Tips & Tricks

Searching PDF files with Adobe Reader

About the Author

Adam Behringer

Mr Behringer is the founder and CEO of Bee Documents, Inc. He has participated in the design and development of custom business applications in areas including data-mining, e-commerce, statistical reporting, and document management. Adam Behringer presents lectures and...  More



A major benefit of PDF documents over their hard-copy counterparts is their electronic nature. This makes them both simple to transmit via email or the web and capable of being automatically searched. Adam Behringer explains how to use Adobe Reader 6.0 to search PDF document sets.

Adobe Reader

Adobe Reader can run in one of two ways. First, it can run inside of a web browser. If you click a link on a web page that points to a PDF, it will usually open the PDF within the web browser. Adobe Reader retains the most common functionality this way, but some of the advanced features are hidden. The second mode is a standalone application. Adobe Reader, when launched by clicking its program icon or double clicking a PDF on your hard drive, will open in this mode. Rather than opening as a subset of your browser, it shows all the menu items and features. We recommend using Adobe Reader in standalone mode whenever working with large document sets as it is easier to find the advanced features this way. Most browsers allow you to download PDF files instead of viewing them in the browser by right clicking the PDF link or by changing the setting or preferences.

Version 6.0 added some wonderful new search capabilities which did not exist in previous versions. Make sure that you have at least version 6.0 or above and that you have the full version installed (that includes searching). If your version does not meet these requirements, you may download the latest version for free from Adobe.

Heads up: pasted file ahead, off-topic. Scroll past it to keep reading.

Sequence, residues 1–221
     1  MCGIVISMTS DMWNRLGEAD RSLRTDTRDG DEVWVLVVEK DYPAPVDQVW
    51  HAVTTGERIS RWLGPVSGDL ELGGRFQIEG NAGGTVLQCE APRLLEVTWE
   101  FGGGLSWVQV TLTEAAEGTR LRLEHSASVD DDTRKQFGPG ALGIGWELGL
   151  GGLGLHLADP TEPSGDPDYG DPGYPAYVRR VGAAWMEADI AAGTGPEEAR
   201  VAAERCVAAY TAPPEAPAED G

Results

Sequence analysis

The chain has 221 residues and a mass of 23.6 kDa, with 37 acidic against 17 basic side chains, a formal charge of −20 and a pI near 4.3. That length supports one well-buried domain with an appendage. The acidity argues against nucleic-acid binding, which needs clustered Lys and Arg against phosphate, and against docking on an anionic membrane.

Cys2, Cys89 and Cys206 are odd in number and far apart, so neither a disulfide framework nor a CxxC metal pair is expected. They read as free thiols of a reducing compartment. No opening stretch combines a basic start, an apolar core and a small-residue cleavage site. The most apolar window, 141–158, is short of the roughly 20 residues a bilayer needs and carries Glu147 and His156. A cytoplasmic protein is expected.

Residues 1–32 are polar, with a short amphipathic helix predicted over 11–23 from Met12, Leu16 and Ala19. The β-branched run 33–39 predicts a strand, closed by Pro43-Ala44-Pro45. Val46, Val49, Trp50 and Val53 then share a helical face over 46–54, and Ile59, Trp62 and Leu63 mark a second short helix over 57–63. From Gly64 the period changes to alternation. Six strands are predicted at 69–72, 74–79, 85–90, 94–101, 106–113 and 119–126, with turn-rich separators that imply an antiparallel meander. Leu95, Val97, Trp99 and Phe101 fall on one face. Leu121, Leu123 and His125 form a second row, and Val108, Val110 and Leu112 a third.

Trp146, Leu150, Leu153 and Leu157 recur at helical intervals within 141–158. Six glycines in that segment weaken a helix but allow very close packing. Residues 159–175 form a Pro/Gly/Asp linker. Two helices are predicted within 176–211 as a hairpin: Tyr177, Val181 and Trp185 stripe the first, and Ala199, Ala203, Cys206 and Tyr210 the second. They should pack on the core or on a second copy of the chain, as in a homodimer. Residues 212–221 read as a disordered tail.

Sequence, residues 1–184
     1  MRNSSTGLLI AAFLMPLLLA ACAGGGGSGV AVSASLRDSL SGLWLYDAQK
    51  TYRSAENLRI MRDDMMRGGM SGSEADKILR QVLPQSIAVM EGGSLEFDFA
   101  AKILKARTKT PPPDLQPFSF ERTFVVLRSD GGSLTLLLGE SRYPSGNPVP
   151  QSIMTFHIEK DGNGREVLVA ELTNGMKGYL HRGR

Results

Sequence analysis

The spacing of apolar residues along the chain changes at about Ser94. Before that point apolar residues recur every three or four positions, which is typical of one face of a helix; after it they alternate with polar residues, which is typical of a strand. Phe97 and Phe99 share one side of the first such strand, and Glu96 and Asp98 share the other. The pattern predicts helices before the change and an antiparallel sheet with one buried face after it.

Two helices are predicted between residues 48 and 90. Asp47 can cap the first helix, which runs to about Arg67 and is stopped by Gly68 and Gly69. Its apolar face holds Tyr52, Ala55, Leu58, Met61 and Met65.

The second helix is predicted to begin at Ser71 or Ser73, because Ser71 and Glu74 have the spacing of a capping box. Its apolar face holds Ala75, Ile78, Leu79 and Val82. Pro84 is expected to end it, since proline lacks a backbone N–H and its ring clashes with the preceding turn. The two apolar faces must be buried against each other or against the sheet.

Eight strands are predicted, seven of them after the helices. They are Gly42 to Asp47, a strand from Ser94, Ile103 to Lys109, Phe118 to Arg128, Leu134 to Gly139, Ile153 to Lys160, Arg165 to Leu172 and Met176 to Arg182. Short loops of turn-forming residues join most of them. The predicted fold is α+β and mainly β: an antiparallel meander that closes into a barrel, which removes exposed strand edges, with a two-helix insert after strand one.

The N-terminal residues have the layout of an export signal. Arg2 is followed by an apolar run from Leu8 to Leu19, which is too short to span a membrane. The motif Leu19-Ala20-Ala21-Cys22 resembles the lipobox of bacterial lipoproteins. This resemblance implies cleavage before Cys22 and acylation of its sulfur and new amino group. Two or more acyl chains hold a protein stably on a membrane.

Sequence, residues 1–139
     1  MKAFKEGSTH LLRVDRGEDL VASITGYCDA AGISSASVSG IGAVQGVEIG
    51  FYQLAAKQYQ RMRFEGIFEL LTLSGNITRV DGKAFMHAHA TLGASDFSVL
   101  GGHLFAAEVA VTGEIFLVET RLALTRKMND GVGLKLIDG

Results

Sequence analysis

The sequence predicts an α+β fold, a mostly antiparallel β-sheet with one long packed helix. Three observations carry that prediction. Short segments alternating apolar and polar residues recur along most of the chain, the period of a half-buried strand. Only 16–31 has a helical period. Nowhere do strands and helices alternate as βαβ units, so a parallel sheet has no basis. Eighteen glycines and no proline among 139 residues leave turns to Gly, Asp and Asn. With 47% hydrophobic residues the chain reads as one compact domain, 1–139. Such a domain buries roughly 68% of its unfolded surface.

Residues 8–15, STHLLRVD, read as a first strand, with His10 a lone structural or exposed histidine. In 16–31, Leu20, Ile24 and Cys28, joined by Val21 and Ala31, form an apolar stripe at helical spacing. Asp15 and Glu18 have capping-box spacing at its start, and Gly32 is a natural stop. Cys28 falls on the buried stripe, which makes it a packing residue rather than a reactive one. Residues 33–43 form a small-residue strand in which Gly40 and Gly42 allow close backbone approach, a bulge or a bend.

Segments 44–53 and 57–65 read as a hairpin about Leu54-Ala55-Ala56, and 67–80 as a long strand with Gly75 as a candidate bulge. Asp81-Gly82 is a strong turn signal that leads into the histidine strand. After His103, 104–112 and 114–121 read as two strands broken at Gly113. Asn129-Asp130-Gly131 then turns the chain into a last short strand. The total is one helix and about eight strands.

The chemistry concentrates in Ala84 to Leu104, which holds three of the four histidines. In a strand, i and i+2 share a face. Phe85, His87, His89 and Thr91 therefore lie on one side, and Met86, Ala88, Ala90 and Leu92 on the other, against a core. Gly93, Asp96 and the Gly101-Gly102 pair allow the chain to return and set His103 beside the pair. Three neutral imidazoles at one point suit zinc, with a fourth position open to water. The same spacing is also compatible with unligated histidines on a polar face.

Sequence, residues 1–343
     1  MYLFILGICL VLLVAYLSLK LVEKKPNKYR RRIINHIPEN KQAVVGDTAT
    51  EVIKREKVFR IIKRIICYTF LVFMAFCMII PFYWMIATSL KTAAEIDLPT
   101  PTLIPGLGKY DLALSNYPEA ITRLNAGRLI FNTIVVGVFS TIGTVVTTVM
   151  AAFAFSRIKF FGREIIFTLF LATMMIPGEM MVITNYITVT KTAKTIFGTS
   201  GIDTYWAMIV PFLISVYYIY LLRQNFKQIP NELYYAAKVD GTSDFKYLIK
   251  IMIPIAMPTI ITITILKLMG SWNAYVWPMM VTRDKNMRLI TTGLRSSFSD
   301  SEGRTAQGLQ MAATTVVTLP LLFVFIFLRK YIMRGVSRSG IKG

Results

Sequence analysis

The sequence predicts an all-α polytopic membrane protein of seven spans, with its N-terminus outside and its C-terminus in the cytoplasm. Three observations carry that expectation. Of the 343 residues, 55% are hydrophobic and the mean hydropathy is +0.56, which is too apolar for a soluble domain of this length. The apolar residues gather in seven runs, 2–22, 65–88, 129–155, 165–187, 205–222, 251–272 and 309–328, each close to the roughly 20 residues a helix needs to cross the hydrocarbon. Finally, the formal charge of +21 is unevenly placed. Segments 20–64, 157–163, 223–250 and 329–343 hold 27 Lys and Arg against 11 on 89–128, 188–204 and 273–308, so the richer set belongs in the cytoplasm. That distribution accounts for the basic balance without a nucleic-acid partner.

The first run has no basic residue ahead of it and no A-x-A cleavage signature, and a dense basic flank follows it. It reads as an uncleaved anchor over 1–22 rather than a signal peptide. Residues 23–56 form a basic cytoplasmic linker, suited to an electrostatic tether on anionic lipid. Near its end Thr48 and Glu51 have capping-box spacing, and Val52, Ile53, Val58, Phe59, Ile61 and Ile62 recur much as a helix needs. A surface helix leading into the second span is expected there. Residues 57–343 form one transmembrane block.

Editor's Note: The latest version of Adobe Reader is also available for free download from PDF Store.

Find a Keyword in a File

For our example, we are going to search an Environment Impact Statement found on the City of Issaquah's web site. Here is the link if you would like to follow along with the example. When you first open your PDF file, the first page of the documents fills most of the window:

Viewing a PDF document

To begin searching the document, you need to reveal the Search PDF window. There are several ways to do this:

  1. You can choose the "Search" option in the "Edit" menu.
  2. You can click the icon of the binoculars in the toolbar.
  3. You can press a keyboard shortcut. It is Control-F on Windows, and Apple-F on a Macintosh.

When you have performed one of these actions, a Search PDF panel will be displayed on the right side of the screen like this:

Searching a PDF document

Searching for a single keyword in a document is very simple. Enter the keyword that you would like to find in the box labeled "What word or phrase would you like to search for?" For this example, we are searching for the word "Issaquah." When you have typed your word, press the search button. Adobe Reader will find every occurrence of the word and display a list in the bottom half of the search panel. Clicking on an occurrence will cause the document to switch to that page in the main window. Also note that your keyword has been highlighted on the document to help you find it.

Search results in a PDF document

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